The fact that my first experience with this year Social Media Week in Berlin was pretty positive could have been the sign that this year someone decided to cut the crap out of it and leave only the truly interesting stuff.
Today started the social media week in Berlin (and other 12 cities in the world), which is either an excuse to promote your company (it doesn’t really matter what you do: you can easily come up with a made up name like social media business model future correlations and speak about how tasty your cookies are) or an excuse to spend more time on Twitter, Facebook and YouTube (like we needed one).
Anyway, I decided to attend a couple of events because I kinda work in this field and whatever, I’m a curious person. My first choice was called Social Media Monitoring and the speaker was Gabriel Escalona.
The moment he entered the room I knew that I liked him (even only for his resemblance with actress Michelle Rodriguez) and after a brief introduction I came to like him so much that I actually hated him.
Last weekend I attended this little Berlin independent festival called Regenfest. I’m usually against festivals in principle, but this one was short, cozy and the atmosphere was so relaxed that it felt like being with friends in someone’s backyard on a lazy late summer afternoon. But oh, yeah, the bands were good. I think the highlights were:
+ Petula +
I actually got there while he was about to finish, ’cause I got stuck in a delicious portuguese original brunner (breakfast+lunch+dinner). Anyway, I’m sure he was good and I already spoke about him on stage here.
+ Empire Escape +
They sound a little like The Smiths (and who doesn’t, these days?) but there’s also some unique chemistry going on in their (extremely catchy) music. I’m curious to see what they’ll evolve into.
+ This Mess is Mine +
Don’t know where this guy came from, but his heartbreaking acoustic ballads are clearly my cup of tea. Also, I managed to be moved by this performance even though in the meantime I was going through the five stages of grief cause my camera got lost and when I found it (on the grass) it basically didn’t work. RIP.
That’s what Alex told me on the phone, almost causing an heart attack in my poor 28 years old body. He told me he won two accreditations for the Berlin Music Week and he wanted to give me the second one.
But then we went to get our badge (which, just so you know, was basically the size of a surf table) and found out our accreditation didn’t cover the Berlin Festival (where Sigur Ros were playing). We were disappointed, true, but also curious about all these events we could suddenly be a part of.
I would have set on fire every word you’ve ever told me. Starting with the W of What’s your name? ’til the Y of I’m sorry. Dipped your voice in gasoline and watched every letter of every lie coming out of your mouth as it would burn to the ground. They were as empty as these shelves, and still I wanted to escape their meaning.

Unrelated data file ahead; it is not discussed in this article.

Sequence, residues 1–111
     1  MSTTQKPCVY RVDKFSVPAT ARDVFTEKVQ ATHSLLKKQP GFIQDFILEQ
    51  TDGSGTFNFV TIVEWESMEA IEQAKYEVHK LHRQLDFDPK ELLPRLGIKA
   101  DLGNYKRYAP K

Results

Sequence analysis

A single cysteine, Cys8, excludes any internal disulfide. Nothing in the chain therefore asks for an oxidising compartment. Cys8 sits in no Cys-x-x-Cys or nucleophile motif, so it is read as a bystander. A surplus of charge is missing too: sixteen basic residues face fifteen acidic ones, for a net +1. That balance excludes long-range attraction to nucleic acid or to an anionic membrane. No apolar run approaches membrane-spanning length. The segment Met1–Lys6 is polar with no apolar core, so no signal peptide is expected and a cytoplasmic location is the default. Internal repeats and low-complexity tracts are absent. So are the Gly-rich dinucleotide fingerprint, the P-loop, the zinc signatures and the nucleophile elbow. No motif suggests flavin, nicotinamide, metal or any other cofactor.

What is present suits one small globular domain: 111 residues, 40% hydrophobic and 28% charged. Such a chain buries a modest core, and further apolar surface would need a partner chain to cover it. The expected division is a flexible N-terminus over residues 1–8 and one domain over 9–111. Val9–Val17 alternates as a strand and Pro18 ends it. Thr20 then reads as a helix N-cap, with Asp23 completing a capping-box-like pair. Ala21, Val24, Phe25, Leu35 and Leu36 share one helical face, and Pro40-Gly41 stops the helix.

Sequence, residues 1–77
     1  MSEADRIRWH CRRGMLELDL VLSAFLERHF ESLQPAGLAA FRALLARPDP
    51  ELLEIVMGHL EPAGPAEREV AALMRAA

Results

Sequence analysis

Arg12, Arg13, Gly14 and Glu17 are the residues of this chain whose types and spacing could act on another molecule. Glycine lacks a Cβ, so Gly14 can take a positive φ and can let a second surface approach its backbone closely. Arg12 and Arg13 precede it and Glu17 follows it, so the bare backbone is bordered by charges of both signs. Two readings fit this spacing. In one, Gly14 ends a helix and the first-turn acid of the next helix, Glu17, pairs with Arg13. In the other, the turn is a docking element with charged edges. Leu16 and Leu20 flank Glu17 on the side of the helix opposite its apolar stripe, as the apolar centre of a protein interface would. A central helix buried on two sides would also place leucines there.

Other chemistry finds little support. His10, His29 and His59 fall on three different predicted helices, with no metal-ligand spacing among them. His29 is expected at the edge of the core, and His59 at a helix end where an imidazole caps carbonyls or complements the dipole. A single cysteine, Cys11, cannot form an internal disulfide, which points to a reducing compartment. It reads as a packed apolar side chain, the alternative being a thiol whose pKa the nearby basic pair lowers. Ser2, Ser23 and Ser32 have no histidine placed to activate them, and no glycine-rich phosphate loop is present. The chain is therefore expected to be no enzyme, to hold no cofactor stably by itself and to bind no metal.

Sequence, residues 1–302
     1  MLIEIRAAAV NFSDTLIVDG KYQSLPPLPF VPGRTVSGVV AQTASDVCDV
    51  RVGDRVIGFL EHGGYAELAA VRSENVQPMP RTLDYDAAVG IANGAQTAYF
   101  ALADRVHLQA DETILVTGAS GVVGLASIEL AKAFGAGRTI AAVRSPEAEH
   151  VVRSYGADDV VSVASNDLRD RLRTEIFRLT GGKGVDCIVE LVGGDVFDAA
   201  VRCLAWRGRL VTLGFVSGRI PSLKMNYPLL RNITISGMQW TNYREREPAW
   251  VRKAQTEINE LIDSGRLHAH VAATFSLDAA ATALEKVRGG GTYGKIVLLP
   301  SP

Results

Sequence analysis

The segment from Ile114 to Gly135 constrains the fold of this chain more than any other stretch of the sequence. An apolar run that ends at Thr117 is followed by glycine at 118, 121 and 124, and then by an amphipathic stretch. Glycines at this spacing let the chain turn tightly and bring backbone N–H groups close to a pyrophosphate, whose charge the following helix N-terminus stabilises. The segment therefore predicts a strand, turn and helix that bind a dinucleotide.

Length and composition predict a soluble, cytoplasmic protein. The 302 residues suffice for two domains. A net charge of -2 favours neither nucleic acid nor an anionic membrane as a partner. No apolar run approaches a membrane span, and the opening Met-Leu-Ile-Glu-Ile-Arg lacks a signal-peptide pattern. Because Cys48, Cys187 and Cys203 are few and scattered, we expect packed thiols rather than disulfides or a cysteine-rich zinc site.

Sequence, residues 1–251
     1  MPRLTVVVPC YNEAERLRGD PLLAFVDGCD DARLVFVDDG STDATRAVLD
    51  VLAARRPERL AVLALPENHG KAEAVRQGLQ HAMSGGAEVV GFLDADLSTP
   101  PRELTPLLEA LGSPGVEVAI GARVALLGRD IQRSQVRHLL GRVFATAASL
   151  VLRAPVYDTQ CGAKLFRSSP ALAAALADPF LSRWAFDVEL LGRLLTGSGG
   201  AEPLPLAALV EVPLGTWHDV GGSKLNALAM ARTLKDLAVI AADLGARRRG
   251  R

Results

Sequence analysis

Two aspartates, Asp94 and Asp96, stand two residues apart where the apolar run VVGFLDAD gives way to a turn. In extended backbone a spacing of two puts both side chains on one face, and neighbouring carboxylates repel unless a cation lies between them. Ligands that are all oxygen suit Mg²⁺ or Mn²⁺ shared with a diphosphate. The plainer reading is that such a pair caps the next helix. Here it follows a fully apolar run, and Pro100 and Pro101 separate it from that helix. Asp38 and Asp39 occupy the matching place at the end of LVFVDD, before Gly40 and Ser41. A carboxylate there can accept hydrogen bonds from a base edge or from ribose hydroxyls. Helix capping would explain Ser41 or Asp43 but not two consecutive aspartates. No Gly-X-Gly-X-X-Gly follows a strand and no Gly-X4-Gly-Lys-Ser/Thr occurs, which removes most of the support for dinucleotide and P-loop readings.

Monuments are built to maintain and arise collective memories. But personal memories, even microscopic ones, are somehow stronger and can infiltrate the intents of a monument, hijack its meaning or maybe merge with the history we know.
Warning! The following is a humorous text about the tragicomic experiences I had while looking for a room in Berlin. If you’re room-hunting and were expecting to find tips and resources, you might wanna check out this Facebook Group, where people publish new room offers every day
Let’s say it out loud: finding a room in Berlin is a bitch, especially if you’re a foreigner and your german is Scheisse. If you obsessively refresh WG-gesucht‘s home page every fifteen seconds and you’re haunted by words like Genossenschaftsanteil o Parkmöglichkeiten, then you know what I’m talking about.
I wrote three case studies to report my nightmarish experience, in the hope i can be useful or at least take some drama off the whole looking-for-a-room-process.
1) Horror Vacui
Vera and Katia welcome me in their huge, cool, ultra-furnished flat in Adalbertstrasse with a (stereo)typical cold german kindness. After some small talk in the kitchen along with the most typical interview-food (peanuts and gummy bears, never a surprise) we move to the room that could become mine. Once they open the door a mix of fear and disgust shows up in my face. Not only the room is smaller than Guantanamo cells and completely unfurnished, but the white walls are decorated with random schizophrenic stripes of color. It looks like one of the paintings from Ruby the elephant, from her post-modern period. The two hostesses turn to me asking for a first impression, and my mind goes completely blank. I stay silent like i did when the Analysis professor asked me to multiply matrixes (who am i? Jesus?). I stay silent, and I blow the interview.
The first golden rule when you’re looking for a room, therefore, is always being prepared to give a positive feedback about said room, no matter how terrible the first impression is. Of course this requires time, but with some practice you’ll learn how to hold on to the most insignificant details and still look convincing. And if you’re really, really out of ideas, you can always rely on one of the most classic but useless comments: “I like high ceilings!”. Even if you’re one-meter-and-a-smurf tall, therefore genetically suitable to live even in the seven dwarfs’ house, go with the high-ceilings-feedback and you won’t regret it.
You told me that you like abandoned places, so I took you to one. And hoped you would have liked as well my heart (might be deserted enough). There’s ruined thoughts and empty rooms for you to fill; within these cracks you won’t regret the time you kill. There’s haunted spaces with memories unchained, with ghosts of fears of blues of previous pains. I’ll let you in and beg you not to stop, no matter if it’s brain or body or soul you’ll squat.